The speculation, debate and conversations about Ohio State never end, and Lettermen Row is always ready to dive into the discussions. All week long, senior writer Austin Ward will field topics about the Buckeyes submitted by readers and break down anything that’s on the minds of the Best Damn Fans in the Land. Have a question that needs to be tackled, like the one today about graduate transfer quarterback Gunnar Hoak? Send it in right here — and check back daily for the answers.
With the way Dwayne talked about how hard it is to be a QB in Day’s system how fast can we expect Hoak to assimilate to the offense enough to at least be a productive back-up?
— Charles Kangas (@KANGASMAN_FS) April 30, 2019
The process isn’t easy or quick, and just about every quarterback who has spent time learning under Ryan Day can vouch for the fact that it’s going to take some patience. The exact timelines can vary depending on the player, but one thing is certain: Gunnar Hoak is going to have a lot of homework this summer if he’s going to be ready for training camp.
Working in the Kentucky transfer’s favor is that he’s already experienced at the college level, so the level of responsibility he’s about to face at Ohio State shouldn’t catch him by surprise. Hoak may not know the terminology, the read progressions or all the protections yet, but he should have some baseline knowledge that will help speed up the process — and as a graduate already, will arrive with the benefit of knowing how to handle his time.
Now, that doesn’t mean the first couple weeks of August are going to be easy for Hoak. And Ohio State also still isn’t done uploading the entire database into the brain of another transfer as Justin Fields gears up for his chance to lead the offense, which could make for an interesting dynamic and a test for both Day and quarterbacks coach Mike Yurcich. It will be key for both guys to maximize the limited opportunities over the summer to absorb that information and develop chemistry with the receivers by organizing voluntary workouts, and Hoak will obviously be playing a bit of catchup in that department.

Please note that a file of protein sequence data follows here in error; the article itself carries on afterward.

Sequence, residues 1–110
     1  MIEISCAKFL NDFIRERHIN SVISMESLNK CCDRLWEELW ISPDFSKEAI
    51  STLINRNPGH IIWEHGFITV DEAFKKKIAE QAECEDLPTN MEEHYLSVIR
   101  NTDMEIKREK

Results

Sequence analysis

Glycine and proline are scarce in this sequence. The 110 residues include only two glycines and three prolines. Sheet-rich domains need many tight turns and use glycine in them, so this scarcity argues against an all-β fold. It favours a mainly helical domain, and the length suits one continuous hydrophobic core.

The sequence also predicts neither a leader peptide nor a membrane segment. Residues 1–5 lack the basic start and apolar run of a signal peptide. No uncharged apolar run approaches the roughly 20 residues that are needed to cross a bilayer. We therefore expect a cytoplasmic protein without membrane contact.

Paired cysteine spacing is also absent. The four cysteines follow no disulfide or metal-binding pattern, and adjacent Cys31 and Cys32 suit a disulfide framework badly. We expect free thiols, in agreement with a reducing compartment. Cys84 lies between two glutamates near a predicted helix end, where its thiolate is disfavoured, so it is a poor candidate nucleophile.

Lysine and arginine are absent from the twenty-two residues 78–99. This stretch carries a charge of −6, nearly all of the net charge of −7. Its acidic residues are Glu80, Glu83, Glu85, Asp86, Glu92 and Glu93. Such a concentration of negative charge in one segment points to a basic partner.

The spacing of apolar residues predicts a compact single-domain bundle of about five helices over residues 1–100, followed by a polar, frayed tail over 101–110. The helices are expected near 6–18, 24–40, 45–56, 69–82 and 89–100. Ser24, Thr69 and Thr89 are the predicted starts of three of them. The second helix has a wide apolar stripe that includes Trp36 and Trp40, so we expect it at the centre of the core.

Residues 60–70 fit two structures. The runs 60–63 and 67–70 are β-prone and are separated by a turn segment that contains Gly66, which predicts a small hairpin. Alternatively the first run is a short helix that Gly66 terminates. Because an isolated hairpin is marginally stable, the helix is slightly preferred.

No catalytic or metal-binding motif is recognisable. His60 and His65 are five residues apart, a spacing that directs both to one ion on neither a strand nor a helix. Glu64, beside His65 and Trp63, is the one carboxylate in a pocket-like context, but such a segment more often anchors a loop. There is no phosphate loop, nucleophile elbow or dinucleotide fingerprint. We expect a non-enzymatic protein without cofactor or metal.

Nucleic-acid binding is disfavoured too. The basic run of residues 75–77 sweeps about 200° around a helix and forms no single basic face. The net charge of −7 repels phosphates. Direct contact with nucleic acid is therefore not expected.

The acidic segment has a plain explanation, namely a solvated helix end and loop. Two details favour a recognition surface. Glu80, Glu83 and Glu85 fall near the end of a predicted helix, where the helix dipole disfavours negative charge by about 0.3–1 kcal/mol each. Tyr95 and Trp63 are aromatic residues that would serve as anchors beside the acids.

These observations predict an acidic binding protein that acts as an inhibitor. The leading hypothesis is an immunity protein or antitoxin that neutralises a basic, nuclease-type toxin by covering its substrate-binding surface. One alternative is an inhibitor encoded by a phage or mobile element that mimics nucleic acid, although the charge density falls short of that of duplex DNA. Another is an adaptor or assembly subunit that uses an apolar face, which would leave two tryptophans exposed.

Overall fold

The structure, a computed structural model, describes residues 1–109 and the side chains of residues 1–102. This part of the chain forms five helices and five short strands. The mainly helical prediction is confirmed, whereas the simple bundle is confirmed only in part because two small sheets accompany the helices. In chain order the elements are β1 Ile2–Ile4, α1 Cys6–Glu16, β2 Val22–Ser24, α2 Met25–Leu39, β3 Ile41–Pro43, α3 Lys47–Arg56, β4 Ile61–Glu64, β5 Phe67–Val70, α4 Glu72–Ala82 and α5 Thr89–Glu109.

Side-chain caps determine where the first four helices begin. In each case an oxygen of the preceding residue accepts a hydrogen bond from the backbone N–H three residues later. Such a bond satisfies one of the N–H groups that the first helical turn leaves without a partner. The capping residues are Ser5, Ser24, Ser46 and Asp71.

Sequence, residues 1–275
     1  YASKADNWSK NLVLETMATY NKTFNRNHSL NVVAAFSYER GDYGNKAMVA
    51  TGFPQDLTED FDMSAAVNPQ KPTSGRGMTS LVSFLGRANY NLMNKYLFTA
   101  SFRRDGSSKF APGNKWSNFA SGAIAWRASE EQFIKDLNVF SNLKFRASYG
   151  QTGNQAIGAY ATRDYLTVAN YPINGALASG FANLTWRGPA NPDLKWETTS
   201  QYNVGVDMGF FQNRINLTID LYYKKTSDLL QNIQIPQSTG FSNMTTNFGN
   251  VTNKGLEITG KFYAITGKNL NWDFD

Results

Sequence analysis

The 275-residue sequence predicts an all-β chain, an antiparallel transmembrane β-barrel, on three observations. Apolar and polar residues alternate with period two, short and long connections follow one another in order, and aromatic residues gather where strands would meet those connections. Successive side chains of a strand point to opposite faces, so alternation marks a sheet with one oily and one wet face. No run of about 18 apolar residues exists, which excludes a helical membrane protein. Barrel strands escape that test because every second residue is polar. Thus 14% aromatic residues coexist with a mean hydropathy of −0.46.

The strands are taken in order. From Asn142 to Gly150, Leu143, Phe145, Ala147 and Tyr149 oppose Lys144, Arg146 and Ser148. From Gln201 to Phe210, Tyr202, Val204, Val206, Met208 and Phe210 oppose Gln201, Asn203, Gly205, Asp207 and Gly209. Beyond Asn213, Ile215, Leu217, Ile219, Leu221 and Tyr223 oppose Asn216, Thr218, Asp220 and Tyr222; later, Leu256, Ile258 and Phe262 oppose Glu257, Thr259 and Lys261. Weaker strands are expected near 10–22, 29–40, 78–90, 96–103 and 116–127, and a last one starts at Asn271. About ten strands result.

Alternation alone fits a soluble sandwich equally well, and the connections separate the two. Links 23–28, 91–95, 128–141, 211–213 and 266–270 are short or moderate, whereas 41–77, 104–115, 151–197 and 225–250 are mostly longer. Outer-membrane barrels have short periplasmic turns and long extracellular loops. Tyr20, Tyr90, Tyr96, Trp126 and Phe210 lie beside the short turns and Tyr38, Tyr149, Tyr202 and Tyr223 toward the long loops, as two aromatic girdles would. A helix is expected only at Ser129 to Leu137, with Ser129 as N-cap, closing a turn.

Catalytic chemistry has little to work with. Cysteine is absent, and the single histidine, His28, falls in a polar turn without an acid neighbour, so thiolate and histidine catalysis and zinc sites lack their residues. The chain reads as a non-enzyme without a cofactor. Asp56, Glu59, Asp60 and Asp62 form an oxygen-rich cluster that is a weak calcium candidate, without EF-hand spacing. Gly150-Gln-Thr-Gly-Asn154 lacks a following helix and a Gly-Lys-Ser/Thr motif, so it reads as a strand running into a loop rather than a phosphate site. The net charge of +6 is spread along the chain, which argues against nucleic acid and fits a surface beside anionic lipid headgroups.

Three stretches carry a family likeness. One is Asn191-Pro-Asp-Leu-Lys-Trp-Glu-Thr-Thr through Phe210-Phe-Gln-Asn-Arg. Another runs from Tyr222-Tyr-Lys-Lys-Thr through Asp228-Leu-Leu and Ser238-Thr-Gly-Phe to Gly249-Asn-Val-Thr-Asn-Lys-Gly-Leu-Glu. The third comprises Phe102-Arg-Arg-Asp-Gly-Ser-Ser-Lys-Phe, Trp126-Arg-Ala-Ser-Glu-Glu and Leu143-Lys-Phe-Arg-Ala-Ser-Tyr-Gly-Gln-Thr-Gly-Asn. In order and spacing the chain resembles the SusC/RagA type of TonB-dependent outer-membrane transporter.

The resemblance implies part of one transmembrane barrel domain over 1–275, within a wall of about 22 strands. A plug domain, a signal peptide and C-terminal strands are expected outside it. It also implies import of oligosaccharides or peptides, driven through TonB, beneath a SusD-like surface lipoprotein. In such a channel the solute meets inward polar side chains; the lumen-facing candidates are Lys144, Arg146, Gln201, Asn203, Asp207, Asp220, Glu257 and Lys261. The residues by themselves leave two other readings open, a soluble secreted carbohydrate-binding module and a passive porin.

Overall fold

“Overall, this spring there were ups and downs,” Fields said leaving camp. “That just comes with the growing pains, like coach says. I just have to keep improving, keep working and I think we’ll be good come the season.
“I feel like I’ve only scratched the surface. If I had to grade myself out today, I feel like it would be like a C-plus. I’m very hard on myself, so I’m kind of a perfectionist. But I just see us scratching the surface, and I definitely see us having a bright future.”
Depending on which former quarterback is asked, tapping into that potential can take about a season or more before getting truly comfortable operating the system. Tate Martell might have been exaggerating about the need for two years at Ohio State as something of a threat to scare off Fields before the Rose Bowl, but there is some element of truth to that. Dwayne Haskins and the Buckeyes have estimated that he was about 70 percent of the way to where they wanted him to be in running the offense last season, which is both a scary thought considering his prolific production and a reminder that it’s not necessary to know every possible play to be the starter or backup. Day and Kevin Wilson have proven they can design an offense to the strengths of a quarterback and what their guy is capable of doing, and it won’t needlessly bog down a game plan with more plays than it needs.
That efficiency in the learning process will help both Fields and Hoak heading into August when they really get down to business. By the end of that camp, then, there should be no reason that Gunnar Hoak can’t solidly settle into the backup role and at least provide some push to Fields on the practice field.
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